Signed into law in 2000, the Trafficking Victims Protection Act (TVPA) defined the crime of human trafficking and brought attention to an issue previously unknown to most Americans. But while human trafficking is widely considered a serious and despicable crime, there has been far less consensus as to how to approach the problem—owing in part to a pervasive emphasis on forced prostitution that overshadows repugnant practices in other labor sectors affecting vulnerable populations. Responding to Human Trafficking examines the ways in which cultural perceptions of sexual exploitation and victimhood inform the drafting, interpretation, and implementation of U.S. antitrafficking law, as well as the law's effects on trafficking victims.
Drawing from interviews with social workers and case managers, attorneys, investigators, and government administrators as well as trafficked persons, Alicia W. Peters explores how cultural and symbolic frameworks regarding sex, gender, and victimization were incorporated into the drafting of the TVPA and have been replicated through the interpretation and implementation of the law. Tracing the path of the TVPA over the course of nearly a decade, Responding to Human Trafficking reveals the profound gaps in understanding that pervade implementation as service providers and criminal justice authorities strive to collaborate and perform their duties. Ultimately, this sensitive ethnography sheds light on the complex and wide-ranging effects of the TVPA on the victims it was designed to protect.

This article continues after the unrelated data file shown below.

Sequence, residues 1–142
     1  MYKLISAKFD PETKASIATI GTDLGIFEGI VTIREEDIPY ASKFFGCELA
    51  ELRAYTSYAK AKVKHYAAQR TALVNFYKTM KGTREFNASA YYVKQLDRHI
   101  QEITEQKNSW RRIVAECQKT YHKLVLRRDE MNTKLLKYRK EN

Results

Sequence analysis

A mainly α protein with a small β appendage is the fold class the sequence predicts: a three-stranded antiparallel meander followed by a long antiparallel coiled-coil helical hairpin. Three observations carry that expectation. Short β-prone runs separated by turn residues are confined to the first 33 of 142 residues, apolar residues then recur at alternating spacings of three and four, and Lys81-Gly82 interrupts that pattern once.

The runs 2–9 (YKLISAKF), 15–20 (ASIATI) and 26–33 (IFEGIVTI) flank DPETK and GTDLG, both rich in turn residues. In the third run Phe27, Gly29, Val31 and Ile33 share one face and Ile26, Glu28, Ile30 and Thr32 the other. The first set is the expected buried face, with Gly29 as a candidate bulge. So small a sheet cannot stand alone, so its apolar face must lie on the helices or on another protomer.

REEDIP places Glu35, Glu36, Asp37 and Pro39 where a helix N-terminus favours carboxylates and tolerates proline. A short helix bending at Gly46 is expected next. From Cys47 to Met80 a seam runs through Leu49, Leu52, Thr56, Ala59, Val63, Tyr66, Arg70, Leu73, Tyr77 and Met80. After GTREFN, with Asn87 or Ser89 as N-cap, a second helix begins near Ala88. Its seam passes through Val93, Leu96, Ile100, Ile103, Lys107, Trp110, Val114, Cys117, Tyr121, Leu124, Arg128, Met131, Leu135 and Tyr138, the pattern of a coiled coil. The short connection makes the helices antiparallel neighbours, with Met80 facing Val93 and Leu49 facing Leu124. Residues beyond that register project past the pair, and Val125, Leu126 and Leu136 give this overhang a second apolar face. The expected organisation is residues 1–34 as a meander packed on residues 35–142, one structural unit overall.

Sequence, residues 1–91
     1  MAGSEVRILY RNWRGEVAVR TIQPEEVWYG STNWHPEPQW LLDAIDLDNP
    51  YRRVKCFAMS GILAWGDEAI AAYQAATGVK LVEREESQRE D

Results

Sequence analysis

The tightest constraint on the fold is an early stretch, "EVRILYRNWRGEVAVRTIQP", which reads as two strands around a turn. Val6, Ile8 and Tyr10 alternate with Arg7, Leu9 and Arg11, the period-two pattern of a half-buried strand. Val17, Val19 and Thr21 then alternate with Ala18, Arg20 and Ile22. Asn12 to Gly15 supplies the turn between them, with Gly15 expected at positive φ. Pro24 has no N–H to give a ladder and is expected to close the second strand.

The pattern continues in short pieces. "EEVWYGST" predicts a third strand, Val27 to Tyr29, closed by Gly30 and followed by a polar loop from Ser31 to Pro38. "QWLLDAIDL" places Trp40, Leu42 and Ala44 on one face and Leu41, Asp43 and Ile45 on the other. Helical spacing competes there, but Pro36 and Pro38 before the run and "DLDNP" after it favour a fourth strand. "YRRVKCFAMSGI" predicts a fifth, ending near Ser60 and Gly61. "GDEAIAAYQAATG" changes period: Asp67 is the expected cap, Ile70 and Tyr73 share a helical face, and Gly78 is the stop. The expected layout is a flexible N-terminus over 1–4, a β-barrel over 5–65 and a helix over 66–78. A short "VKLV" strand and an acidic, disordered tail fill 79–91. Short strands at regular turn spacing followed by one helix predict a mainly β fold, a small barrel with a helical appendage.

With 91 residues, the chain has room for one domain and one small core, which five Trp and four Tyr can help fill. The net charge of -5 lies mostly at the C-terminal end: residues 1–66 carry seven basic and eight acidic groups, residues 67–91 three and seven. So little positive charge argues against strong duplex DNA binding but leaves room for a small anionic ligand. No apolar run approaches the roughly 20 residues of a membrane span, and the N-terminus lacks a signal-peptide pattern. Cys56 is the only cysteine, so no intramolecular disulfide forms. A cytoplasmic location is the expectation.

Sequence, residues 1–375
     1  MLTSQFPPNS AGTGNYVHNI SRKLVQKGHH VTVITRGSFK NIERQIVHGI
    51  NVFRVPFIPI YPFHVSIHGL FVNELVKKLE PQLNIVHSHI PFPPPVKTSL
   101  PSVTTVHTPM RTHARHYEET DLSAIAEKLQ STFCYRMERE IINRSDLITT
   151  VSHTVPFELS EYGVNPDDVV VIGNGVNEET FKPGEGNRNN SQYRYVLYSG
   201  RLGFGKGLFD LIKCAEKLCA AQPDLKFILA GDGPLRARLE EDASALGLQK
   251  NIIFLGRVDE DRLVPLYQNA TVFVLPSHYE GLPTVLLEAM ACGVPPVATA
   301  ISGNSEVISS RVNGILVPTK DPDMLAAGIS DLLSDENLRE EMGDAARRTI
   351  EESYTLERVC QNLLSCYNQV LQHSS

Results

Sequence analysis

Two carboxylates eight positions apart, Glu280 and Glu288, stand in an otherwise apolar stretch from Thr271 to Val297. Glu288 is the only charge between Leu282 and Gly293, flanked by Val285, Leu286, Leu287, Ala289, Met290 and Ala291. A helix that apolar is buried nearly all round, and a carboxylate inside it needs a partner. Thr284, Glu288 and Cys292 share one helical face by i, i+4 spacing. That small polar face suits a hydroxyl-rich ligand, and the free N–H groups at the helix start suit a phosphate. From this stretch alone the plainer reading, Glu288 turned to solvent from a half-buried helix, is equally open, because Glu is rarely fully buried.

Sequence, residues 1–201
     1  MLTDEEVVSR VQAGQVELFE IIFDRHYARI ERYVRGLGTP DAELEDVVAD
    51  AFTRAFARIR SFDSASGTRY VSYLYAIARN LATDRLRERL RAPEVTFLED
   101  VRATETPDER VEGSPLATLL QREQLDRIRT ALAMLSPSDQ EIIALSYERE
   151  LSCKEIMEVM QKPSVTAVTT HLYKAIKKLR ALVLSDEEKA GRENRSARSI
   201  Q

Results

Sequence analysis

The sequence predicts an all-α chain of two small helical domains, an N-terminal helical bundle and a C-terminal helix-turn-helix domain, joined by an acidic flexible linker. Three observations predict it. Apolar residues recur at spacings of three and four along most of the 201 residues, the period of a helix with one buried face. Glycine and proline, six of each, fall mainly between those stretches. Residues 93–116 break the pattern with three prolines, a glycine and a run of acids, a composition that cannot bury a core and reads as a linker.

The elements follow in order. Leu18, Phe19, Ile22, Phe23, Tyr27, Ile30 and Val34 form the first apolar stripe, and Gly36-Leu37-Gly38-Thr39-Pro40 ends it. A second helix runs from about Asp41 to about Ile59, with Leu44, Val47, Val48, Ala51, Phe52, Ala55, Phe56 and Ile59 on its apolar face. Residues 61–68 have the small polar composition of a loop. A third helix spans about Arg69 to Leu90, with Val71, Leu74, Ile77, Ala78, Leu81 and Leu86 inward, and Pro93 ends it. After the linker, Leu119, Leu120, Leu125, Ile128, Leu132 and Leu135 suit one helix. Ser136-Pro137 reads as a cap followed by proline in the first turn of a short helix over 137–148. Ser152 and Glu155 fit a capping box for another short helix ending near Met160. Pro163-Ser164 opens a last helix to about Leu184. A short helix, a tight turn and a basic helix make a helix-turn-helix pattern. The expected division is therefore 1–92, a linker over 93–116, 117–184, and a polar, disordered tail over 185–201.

List of Abbreviations
PART I. TRAFFICKING ON THE BOOKS
Chapter 1. A Dichotomy Emerges
PART II. THINKING, ENVISIONING, AND INTERPRETING TRAFFICKING
Chapter 2. The Experts Make Sense of the Law
Chapter 3. "Things That Involve Sex Are Just Different"
Chapter 4. Defining Trafficking Through Survivor Experience
PART III. THE LAW IN ACTION
Chapter 5. Intersections on the Ground
Chapter 6. Moving the Antitrafficking Response Forward
A. Data Archiving Requirements and Threats to Confidentiality
B. Interviewees Quoted in the Text
"Alicia Peter's ethnography provides the most lucid analysis of the immensely contested operations of human trafficking response that I have ever read. It illuminates how cultural beliefs and values about gender, sexuality, and victimization have fractured the interpretation and implementation of the law in different sites."—Sealing Cheng, author of On the Move for Love: Migrant Entertainers and the U.S. Military in South Korea
"Responding to Human Trafficking is an important contribution to the literature on human trafficking. Alicia W. Peters successfully takes us inside the maze of the anti-trafficking regime, illustrating conflicts in priorities, challenges in advocacy work, and the continued need to design a victim-centered system."—Rhacel Parrenas, University of Southern California
"Alicia W. Peters illustrates the ways in which ideology is incorporated into U.S. anti-trafficking law. With unprecedented access to service providers working with victims of trafficking in New York City, federal officials, and a number of victims, Peters suggests how to utilize survivors' stories to frame future research and how to use their voices in the policy debates."—Elzbieta Gozdziak, Georgetown University